1. lameri
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    lameri Senior Member

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    Punctuation with direct speech

    Discussion in 'Word Mechanics' started by lameri, Dec 1, 2011.

    The rule says: place a colon/comma in front of direct speech, but not always. For example:
    So I would not punctuate a sentence like:
    But when the sentence becomes longer, it feels a little bit more uncomfortable.
    What do you think?
     
  2. lostinwebspace
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    lostinwebspace Active Member

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    THese look fine to me because the sentence flows into the quoted material. A comma would break up that flow. You might do without the quotation marks in your first and second sentences, though that depends on the context. For instance, she said she was smart and pretty means the sayer says she's smart and pretty. The second one says he literally said the words "smart and pretty."
     
  3. Cacian
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    Cacian Banned

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    I personally find it tiresome/distracting to read sentences hyphyned like you did.
    I would prefer it without because then it would take the stress of the meanings.

    He said she was smart and pretty.
    He emailed a brief hello.

    However

    propably needs rewording again I would say as to avoid the hyphens again.

    Like This:

    He emailed her to say he would see her later.

    then

    He emailed a brief note to ask her what she wanted for lunch.
     
  4. cruciFICTION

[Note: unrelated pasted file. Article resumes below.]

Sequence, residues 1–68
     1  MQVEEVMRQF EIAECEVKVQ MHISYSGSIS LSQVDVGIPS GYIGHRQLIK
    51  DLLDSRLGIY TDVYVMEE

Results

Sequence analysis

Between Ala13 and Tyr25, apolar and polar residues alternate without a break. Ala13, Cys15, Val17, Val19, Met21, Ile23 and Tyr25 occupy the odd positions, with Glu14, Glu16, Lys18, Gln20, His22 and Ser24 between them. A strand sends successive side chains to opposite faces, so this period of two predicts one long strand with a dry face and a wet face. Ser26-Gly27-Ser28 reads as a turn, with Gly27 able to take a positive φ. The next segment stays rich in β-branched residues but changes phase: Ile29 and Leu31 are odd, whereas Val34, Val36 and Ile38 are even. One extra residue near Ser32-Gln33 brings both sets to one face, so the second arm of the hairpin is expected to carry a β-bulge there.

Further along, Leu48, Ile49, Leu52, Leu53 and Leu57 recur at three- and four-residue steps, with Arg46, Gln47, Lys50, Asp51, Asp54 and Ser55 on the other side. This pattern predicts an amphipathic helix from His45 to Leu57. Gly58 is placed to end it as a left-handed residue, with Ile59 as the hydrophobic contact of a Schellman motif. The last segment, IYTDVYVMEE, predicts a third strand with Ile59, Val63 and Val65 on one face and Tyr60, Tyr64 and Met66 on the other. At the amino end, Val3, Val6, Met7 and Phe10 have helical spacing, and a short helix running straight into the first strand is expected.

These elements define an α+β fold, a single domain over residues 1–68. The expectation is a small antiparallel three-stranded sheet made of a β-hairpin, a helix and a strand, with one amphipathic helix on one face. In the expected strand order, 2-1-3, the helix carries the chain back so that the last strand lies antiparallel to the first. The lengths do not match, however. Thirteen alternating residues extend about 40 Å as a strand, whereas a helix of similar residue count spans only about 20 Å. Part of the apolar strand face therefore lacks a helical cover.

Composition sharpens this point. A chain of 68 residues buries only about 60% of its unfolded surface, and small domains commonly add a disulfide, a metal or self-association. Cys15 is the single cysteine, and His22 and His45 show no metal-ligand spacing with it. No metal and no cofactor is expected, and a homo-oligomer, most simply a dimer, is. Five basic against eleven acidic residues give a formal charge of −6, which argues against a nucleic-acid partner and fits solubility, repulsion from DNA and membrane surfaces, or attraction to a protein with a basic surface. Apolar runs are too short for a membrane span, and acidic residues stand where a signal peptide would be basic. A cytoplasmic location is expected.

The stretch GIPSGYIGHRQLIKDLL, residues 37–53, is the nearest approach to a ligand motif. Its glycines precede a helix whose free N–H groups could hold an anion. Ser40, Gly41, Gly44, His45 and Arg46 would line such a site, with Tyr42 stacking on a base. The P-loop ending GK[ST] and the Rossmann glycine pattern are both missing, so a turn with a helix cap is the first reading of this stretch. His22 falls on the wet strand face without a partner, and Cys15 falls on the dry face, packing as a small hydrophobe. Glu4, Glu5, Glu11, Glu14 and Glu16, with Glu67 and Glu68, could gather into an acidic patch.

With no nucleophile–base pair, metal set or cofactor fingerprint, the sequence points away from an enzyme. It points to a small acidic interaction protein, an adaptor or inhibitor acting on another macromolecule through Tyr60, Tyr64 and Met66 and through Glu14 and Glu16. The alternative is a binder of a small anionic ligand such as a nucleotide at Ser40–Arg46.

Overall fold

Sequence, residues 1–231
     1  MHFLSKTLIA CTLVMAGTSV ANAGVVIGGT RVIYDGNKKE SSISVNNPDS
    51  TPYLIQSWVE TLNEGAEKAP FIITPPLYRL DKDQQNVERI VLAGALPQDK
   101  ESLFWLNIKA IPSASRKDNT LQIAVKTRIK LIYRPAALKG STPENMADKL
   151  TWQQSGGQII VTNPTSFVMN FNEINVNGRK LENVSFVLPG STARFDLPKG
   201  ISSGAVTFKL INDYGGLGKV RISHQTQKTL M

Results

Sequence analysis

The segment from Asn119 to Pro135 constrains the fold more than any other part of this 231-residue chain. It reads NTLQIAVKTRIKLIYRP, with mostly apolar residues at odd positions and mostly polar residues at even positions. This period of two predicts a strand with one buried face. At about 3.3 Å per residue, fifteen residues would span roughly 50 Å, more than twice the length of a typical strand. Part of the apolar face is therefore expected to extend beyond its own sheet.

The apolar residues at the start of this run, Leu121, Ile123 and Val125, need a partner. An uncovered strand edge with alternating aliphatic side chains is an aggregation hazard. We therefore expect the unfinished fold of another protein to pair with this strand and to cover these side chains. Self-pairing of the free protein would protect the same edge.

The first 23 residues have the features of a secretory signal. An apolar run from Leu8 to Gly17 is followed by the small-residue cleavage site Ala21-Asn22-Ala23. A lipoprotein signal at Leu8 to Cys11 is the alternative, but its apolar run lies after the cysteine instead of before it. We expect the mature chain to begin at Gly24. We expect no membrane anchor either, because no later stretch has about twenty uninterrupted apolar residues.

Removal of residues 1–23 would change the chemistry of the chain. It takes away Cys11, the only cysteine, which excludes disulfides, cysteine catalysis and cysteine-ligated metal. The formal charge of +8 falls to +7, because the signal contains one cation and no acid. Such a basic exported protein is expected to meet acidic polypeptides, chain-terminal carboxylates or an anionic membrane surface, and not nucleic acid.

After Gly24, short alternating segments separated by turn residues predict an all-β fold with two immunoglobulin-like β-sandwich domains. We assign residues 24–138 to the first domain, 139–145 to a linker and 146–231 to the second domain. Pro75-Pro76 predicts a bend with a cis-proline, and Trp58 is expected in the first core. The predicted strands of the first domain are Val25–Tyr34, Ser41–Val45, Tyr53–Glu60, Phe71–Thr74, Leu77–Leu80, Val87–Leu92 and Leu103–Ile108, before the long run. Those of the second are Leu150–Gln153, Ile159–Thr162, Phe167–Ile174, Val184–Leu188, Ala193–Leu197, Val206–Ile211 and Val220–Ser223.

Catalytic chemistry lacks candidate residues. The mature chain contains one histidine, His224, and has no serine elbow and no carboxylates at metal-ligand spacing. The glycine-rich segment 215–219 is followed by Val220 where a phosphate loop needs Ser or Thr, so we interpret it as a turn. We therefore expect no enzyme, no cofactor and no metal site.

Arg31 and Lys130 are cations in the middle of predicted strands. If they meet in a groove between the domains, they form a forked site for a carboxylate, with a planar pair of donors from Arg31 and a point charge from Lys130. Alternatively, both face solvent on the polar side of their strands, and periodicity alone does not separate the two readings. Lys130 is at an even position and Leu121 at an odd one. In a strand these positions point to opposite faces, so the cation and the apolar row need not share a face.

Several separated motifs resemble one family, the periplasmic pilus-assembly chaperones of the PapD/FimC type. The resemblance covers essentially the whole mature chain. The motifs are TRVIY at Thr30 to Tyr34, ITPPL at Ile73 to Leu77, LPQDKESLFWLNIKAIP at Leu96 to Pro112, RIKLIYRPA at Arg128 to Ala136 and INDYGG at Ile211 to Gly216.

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    cruciFICTION Contributing Member Contributor

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    Get rid of the quotation marks. You're directly quoting him, yes, but it's not dialogue, so it's a little bit confusing, not to mention unnecessary.

    Same deal almost. You can get away with that, or you can write: He emailed her a brief, "Hello."
    So, again, you can treat it as though you're paraphrasing it, or you treat it as dialogue. Don't go halfway between.

    If you're treating it as dialogue as you are here, you need the comma. He emailed her a brief, "See you later."

    He emailed her a brief, "What would you like to have for lunch?"

    On another note, I really hope you're not being that repetitive in the actual prose. Change it up a bit.
    "See you later," the e-mail said.
    She opened the message and read, "What would you like to have for lunch?"

    Hope that helps.


    ... How is it that you can spell 'hyphen' incorrectly in one instance and correctly in another instance in the same post? Also, what hyphens? There aren't any hyphens at all.

    Also, there's nothing wrong with the original wording. It just needs to be treated as dialogue, and it's not really up to you to change the basic structure of his sentence.
     

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